As we rebuild from the ground up, Scripture is going to be a very important element to break this addiction. We must learn to relate to the Bible in a healthy, balanced way so that we can hear God’s voice in the way He intended. Indiscriminately listening to everything that crosses our mental radar as the voice of God is not going to work anymore. Discerning God’s voice when we have OCD requires a strong reliance on God’s Word.

Discerning God's voice through Scripture

Discerning God’s Voice Through Good Counsel

Another way to discern God’s voice is through good counsel. Seeking advice from others can provide valuable insight as we seek God’s will. The Bible tells us,

Without counsel, plans go awry, but in the multitude of counselors they are established.

Proverbs 15:22

Listen to counsel and receive instruction, that you may be wise in your latter days.

Proverbs 19:20

Although the Bible tells us to seek counsel from multiple wise sources, we must approach counsel-seeking with caution. For the person with scrupulosity, there are two possible pitfalls to getting advice from others: first of all, we can turn this into unhealthy reassurance-seeking. And secondly, we can receive biased, inaccurate, or self-interested advice from others as if it’s the voice of God.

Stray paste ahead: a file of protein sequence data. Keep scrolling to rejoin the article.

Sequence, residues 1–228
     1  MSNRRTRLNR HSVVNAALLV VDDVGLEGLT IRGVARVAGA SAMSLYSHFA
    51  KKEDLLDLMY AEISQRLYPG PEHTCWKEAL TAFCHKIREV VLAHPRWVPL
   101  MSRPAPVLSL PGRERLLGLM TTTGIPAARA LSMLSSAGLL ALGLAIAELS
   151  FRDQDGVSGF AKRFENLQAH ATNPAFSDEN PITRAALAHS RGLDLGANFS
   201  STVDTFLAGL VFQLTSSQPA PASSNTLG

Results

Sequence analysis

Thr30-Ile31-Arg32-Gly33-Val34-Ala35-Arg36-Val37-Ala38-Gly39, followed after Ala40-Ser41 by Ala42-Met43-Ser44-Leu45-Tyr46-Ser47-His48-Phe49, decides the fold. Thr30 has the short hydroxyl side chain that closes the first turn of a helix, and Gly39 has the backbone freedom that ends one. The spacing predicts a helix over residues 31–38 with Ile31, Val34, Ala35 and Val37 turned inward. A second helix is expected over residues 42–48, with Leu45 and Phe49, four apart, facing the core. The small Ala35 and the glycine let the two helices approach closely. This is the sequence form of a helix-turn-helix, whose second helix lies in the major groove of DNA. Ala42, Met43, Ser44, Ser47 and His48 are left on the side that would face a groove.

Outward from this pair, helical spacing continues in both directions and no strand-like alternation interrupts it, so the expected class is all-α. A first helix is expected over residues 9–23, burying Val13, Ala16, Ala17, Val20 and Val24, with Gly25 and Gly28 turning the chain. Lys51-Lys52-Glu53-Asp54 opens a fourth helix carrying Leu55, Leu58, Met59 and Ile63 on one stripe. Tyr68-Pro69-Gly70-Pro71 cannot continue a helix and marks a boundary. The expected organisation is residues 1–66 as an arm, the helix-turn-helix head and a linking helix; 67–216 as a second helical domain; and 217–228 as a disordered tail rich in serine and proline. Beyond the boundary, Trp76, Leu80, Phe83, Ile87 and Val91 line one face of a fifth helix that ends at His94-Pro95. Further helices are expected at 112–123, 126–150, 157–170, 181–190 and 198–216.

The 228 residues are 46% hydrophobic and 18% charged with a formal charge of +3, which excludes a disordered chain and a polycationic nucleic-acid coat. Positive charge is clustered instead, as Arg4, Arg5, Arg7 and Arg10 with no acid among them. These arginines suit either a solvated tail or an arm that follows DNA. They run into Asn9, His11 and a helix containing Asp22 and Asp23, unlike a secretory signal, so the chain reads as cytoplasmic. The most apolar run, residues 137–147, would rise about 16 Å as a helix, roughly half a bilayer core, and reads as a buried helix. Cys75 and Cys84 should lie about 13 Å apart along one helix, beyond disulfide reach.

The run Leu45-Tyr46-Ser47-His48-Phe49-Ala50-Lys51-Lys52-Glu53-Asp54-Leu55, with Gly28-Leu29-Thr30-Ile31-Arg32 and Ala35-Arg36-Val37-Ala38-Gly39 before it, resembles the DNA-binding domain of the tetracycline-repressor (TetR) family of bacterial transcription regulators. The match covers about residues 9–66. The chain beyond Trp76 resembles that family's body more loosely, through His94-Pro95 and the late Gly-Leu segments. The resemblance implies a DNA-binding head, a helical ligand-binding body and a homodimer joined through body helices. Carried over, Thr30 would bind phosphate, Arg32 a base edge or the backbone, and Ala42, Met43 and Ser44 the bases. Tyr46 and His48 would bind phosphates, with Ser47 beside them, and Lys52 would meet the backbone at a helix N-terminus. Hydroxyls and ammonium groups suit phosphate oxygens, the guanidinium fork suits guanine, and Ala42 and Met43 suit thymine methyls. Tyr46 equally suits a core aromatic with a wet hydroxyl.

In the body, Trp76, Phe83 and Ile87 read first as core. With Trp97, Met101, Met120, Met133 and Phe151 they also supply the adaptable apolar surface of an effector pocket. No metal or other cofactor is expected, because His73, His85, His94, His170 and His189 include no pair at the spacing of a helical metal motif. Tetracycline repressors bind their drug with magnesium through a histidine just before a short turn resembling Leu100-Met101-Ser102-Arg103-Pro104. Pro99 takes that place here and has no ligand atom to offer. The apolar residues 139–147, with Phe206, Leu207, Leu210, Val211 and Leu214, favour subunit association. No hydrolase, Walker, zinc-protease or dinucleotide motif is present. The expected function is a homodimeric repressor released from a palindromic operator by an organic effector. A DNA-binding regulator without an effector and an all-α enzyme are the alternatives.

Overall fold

As believers, we are blessed to have the support and guidance of our fellow brothers and sisters in Christ. Proverbs 27:17 says, “As iron sharpens iron, so a man sharpens the countenance of his friend.” By leaning on the body of believers and seeking wise counsel, we can grow in our faith and understanding of God’s will for our lives. But gaining counsel from others is not a foolproof process. Weaknesses within ourselves can cause us to turn “counsel” into “reassurance” (a specifically unhelpful thing for the person with OCD). Weaknesses within others can lead them to give us inappropriate counsel.

We must use the tool of “counsel” carefully, like an ultra-sharp chef’s knife. But when we receive good counsel in a good mindset it can cut through the fog and help us find great clarity. Good counsel is one of God’s chosen ways for guiding us through confusing problems. If you’re struggling to figure out whether the particular dictates of your “god voice” is from OCD or not, why not try asking a trusted friend who goes deep in the faith? If you’re willing to receive counsel without peppering it with a million follow-up objections, it may do you great good.